The Glass Street Neighborhood in Chattanooga has gone through many changes over the years: from being a diverse neighborhood with streetcar service into its active commercial neighborhood center, to an economically struggling neighborhood with boarded up store fronts, struggling schools and deep issues with safety and crime. For the past ten years, many diverse groups and individuals have been working from different angles and perspectives to bring life back to the center and prosperity to the neighborhood, including the Glass House Collective, neighborhood associations, The City of Chattanooga, the Trust for Public Land, The National Park Service, Habitat for Humanity and the University of Tennessee at Chattanooga (UTC).
This session will look at the remarkable impact this work by planners, activists, artists, architects, engineers, and public health officials have had on the area, and how art has served as the core mechanism for the work as an outreach tool, an expression of civic identity, a means of celebrating and gathering, a method of activating public spaces, and a creative tool to bring beauty and pride to the neighborhood. The session features diverse representation from many of the groups who have worked in and around the neighborhood. The presentations are visually oriented as the panel displays the art, events, tactical projects, and complete streets infrastructure that have been implemented.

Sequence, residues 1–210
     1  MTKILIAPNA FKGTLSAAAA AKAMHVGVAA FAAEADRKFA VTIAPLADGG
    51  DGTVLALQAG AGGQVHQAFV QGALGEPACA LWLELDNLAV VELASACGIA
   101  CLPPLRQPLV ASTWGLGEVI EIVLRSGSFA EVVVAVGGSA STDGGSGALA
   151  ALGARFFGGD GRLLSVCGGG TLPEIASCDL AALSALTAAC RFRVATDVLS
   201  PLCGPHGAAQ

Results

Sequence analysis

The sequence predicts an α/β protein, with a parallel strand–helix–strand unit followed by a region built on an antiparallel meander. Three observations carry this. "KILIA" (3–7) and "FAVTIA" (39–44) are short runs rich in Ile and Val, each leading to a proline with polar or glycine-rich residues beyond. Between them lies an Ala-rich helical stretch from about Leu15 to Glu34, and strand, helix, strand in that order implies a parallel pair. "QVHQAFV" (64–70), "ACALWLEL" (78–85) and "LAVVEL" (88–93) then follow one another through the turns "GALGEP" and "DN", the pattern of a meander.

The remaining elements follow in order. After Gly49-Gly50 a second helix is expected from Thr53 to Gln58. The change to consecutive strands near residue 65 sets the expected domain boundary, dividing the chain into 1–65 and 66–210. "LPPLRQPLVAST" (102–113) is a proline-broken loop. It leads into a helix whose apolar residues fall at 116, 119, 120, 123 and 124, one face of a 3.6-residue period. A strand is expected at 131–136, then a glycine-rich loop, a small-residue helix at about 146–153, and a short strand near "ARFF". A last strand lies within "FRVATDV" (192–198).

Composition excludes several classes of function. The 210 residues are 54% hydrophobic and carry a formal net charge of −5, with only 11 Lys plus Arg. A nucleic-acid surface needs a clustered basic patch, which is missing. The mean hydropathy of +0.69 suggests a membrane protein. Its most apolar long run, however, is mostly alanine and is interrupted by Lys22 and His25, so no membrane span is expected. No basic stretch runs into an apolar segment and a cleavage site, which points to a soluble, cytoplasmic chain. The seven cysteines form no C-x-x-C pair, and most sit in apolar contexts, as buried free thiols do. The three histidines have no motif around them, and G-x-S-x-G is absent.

Bert Kuyrkendall, P.E., Senior Transportation Engineer (Gresham, Smith and Partners)
Blythe Bailey, AIA, Administrator (Chattanooga Department of Transportation)
Nicole Lewis, Manager of Community Relations (Glass House Collective)
Josiah Golson, Artist (Glass House Collective)
Greg Heath, DHSc, MPH, Guerry Professor of Exercise Science, Health and Human Performance (University of Tennessee at Chattanooga)
- Wednesday, April 4 (1:45pm - 3:15pm)